Question to the potters

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Question to the potters

Post  my nellie on Wed Mar 05, 2014 10:24 am

I would like to know what is the difference between clay pots and stoneware pots.
I only know stoneware are fired at higher temperatures and I would like to know some more details, if any...
Do the differences have any impact on pricing?

Thank you in advance.

my nellie
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Re: Question to the potters

Post  prestontolbert on Thu Mar 06, 2014 5:14 am

My Nellie-
    All pottery is made of clay.  It is broken down into many subcategories.  For sake of simplicity I will narrow them down to 3: low fire, midrange, and high fire.  Low fire includes terra cotta, American Raku, majolica, and earthenware. The temperature range is between 1200 and 2100 degrees Fahrenheit. With few exceptions low fire is not frost proof and is not acceptable for bonsai.  Midrange includes most Tokoname pottery and most electric fired pottery.  The temperature range is between about 2180 F and 2250 F.  High fire pottery includes some electric fired and most gas and wood fired pottery. The temp range is between 2300 F and 2450 F.  Sara Rayner, Dale Cochoy, Ron Lang, Robert Wallace and quite a few other western potters fire in this range.    

Generally speaking any clay that is vitrified (glass-like with very low absorption) should be frost proof.  However, pottery fired above 2300 is usually much more durable.  Rodney Clemons told me one time that Sara Rayner pots are as tough as iron.  While this is an exaggeration, it is true that high fired stoneware is generally the toughest pottery.  

All midrange pottery should fall into the category "stoneware".  High fired pottery is either stoneware or porcelain.  True porcelain is fired to 2350 or higher.  Porcelain can be used for bonsai pots, but they are much more fragile.  Porcelain is much more vitreous than stoneware making it frost proof, but more easily shattered.  My wife uses a very vitreous porcelain that is translucent. Smaller bonsai pots can be made of porcelain, but larger bonsai pots are really difficult to make (think $$$) and setting it down on a concrete bench with a large tree in it could spell disaster.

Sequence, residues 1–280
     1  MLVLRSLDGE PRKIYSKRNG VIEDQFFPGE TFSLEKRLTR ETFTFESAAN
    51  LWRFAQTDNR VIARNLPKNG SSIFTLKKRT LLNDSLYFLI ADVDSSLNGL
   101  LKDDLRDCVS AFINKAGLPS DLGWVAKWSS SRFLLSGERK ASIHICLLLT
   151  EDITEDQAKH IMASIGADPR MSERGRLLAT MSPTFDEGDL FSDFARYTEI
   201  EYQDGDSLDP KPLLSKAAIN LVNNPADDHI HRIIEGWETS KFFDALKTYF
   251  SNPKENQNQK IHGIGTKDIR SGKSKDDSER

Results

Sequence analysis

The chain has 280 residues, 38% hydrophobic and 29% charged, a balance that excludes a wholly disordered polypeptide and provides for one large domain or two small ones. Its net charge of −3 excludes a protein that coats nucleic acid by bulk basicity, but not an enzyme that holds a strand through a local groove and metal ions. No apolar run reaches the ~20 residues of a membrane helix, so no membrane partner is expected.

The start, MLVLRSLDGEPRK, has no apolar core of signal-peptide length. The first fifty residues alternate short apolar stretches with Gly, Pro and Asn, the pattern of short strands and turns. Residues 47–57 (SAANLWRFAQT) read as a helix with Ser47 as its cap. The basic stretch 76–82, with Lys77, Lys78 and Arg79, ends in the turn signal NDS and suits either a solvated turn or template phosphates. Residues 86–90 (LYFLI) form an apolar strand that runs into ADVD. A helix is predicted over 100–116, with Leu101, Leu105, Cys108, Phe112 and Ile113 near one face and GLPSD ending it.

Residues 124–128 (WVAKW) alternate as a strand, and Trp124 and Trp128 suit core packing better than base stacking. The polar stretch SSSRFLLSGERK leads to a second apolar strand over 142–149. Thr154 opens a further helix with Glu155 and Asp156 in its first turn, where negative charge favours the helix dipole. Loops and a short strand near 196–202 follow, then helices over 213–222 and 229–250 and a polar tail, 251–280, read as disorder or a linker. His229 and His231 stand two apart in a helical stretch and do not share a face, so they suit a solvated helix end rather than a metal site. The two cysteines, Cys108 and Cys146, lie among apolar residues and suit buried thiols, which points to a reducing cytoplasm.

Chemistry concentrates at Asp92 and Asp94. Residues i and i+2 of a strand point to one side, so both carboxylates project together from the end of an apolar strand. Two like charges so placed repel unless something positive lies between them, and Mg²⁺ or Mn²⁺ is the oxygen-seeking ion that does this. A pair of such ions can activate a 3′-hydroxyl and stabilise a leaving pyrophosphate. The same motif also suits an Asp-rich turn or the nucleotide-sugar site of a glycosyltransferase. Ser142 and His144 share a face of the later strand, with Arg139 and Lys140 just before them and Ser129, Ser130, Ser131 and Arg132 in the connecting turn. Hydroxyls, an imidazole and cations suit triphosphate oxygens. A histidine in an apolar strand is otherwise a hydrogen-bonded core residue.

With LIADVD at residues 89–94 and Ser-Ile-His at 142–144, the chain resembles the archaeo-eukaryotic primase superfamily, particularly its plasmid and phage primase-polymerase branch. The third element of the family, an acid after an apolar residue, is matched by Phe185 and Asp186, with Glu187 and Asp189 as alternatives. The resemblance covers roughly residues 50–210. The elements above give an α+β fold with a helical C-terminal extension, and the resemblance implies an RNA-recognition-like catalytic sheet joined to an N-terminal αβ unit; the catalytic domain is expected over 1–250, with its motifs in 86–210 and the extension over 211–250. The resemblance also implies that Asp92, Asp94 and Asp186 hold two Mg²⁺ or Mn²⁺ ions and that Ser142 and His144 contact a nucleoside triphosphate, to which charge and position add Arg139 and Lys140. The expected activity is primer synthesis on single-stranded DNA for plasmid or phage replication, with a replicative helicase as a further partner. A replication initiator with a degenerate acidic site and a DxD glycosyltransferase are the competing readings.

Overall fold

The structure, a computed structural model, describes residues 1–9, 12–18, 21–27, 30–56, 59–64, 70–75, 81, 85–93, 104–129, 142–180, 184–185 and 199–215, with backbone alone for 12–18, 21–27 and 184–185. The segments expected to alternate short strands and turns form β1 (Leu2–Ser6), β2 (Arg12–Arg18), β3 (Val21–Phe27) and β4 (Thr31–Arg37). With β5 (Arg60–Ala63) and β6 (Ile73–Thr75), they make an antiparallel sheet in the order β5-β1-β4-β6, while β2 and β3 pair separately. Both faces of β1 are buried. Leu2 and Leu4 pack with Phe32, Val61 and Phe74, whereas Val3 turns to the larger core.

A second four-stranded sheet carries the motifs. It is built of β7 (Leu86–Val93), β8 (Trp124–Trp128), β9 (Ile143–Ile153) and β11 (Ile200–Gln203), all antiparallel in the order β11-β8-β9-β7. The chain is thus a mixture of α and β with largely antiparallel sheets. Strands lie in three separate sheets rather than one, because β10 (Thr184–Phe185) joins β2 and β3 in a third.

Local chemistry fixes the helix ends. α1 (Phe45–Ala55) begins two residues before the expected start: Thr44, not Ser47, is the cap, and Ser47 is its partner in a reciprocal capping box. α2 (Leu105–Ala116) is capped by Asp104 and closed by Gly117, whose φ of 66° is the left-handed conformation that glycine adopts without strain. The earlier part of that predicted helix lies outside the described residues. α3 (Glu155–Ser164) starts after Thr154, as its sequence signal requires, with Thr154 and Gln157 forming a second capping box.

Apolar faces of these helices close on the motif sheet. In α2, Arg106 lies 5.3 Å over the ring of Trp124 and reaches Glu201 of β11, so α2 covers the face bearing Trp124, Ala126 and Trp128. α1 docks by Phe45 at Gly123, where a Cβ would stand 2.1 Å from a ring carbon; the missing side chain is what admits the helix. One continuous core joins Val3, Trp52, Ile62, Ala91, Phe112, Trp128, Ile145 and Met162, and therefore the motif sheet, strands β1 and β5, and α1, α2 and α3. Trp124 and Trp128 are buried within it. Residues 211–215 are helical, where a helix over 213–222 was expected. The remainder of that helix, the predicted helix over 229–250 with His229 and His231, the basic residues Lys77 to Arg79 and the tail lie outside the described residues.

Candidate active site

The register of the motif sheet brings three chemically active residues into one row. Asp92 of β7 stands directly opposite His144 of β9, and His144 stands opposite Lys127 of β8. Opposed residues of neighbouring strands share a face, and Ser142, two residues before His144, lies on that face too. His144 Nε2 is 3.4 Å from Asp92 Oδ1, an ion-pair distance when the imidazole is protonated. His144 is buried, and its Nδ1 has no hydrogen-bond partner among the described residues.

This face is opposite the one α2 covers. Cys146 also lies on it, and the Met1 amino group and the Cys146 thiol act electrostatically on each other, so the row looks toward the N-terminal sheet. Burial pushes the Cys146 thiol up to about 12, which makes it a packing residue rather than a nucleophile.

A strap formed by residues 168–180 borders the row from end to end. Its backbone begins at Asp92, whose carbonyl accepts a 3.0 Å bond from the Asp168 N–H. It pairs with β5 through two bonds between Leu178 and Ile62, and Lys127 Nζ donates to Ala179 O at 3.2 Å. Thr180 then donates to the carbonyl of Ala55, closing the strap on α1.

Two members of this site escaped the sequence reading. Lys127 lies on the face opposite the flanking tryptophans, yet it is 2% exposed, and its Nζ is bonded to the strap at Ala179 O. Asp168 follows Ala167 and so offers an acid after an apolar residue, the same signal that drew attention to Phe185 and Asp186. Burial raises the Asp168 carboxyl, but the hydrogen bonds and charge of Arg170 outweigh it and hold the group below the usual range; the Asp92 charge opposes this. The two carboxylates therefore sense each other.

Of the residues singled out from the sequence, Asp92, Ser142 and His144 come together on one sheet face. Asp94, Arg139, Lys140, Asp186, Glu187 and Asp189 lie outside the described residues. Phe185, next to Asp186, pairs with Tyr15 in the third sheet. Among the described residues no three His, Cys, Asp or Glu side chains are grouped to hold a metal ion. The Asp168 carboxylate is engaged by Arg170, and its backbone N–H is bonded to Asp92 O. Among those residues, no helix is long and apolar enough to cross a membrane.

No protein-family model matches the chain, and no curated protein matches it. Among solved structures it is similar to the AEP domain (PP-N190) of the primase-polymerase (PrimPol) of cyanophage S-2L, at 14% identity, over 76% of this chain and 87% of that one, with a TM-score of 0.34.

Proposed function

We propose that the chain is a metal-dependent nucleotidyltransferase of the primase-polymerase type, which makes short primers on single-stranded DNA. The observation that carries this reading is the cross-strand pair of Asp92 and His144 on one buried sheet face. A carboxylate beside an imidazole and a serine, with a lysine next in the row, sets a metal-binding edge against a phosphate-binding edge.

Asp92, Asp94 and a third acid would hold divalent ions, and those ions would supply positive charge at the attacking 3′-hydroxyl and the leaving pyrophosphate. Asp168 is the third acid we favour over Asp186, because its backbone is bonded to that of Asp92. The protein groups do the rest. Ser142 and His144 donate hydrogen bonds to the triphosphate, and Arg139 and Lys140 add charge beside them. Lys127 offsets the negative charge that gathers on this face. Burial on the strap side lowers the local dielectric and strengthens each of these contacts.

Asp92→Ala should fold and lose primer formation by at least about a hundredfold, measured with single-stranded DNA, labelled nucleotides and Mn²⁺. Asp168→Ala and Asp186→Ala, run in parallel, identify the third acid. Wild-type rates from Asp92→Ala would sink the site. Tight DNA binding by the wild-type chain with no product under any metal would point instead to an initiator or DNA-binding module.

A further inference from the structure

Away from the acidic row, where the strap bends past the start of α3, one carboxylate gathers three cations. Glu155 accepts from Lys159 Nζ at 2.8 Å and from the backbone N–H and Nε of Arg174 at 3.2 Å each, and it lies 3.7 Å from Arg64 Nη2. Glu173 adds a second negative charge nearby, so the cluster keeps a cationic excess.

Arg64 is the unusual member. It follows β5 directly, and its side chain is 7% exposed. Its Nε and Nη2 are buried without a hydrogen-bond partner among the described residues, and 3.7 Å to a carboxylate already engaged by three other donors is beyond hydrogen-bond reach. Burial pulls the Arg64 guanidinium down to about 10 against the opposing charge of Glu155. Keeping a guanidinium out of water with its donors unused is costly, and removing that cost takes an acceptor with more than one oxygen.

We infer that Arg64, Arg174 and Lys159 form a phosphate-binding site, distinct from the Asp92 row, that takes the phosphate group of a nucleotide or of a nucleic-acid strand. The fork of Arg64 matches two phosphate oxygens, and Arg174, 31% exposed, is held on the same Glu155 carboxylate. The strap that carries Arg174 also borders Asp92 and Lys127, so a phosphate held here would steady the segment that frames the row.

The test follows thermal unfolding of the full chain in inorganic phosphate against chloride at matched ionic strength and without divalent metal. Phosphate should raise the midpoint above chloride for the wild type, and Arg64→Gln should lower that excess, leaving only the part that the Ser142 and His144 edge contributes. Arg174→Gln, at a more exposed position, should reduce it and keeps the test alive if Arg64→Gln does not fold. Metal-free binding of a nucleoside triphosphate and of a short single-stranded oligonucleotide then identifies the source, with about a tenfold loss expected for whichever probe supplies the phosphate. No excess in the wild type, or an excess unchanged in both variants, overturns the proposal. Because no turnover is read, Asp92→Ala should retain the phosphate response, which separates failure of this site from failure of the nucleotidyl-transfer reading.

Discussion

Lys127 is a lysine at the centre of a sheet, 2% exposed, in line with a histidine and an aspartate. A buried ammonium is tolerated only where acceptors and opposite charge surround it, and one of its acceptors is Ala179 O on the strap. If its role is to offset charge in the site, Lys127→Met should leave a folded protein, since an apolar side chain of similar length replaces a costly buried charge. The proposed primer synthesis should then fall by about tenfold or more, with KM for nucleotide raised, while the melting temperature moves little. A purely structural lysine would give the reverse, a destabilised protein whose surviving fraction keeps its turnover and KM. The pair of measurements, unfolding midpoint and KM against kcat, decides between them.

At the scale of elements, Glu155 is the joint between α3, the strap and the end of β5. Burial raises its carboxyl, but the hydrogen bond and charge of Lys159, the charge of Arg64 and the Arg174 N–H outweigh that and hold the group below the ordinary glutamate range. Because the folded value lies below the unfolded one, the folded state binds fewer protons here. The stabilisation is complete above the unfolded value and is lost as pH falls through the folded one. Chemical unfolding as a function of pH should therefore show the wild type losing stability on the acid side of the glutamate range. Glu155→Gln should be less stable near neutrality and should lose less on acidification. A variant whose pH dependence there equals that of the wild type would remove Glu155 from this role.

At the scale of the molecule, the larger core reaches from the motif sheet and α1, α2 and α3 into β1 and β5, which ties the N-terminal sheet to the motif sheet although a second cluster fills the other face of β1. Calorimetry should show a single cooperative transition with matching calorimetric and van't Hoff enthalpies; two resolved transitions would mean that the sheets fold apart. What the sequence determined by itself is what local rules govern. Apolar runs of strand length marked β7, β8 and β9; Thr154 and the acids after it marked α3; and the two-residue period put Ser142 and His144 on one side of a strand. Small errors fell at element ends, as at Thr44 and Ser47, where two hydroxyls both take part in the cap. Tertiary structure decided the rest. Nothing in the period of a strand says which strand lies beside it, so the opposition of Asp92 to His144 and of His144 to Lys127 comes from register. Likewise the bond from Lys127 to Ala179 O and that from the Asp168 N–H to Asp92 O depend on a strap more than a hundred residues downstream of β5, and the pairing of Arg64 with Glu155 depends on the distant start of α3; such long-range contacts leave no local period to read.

-Preston

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Re: Question to the potters

Post  my nellie on Thu Mar 06, 2014 8:39 am

Dear Preston,
Thank you very much for your time and the detailed answer.

my nellie
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Re: Question to the potters

Post  Khaimraj Seepersad on Tue Mar 18, 2014 9:25 pm

Alexandra,

you can have vitreous pots at cone 010 to 08 [ say 900 to 983 deg.C ]
If you get interested or have a potter friend who is willing to try, see the work of Richard Behrens [ books ]
You can also have translucent, white pots as well, as I noted a few weeks ago on Clayart, at around 1100 deg.c.
So you should be able to make Bonsai pots at much lower temperatures, that handle winter and for much less $$$.

Today, it isn't important to really use stoneware or porcelain clay, just know what temperature you expect durability from and with what use.
The rules changed some 50 or so years ago, but many potters are not trained in Pottery Chemistry and still just buy bags of clay and pre-made glazes, from clay suppliers.
Later.
Khaimraj

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Re: Question to the potters

Post  Marty Weiser on Wed Mar 19, 2014 3:15 am

Pottery becomes vitreous due to the formation of glass in the clay body during firing. The glass melts and bonds the other particles together. In most cases this also reduces the porosity of the pottery to the point where it absorbs very little water and therefore resists cracking as the water freezes (water is one of the few materials that expands as it freezes).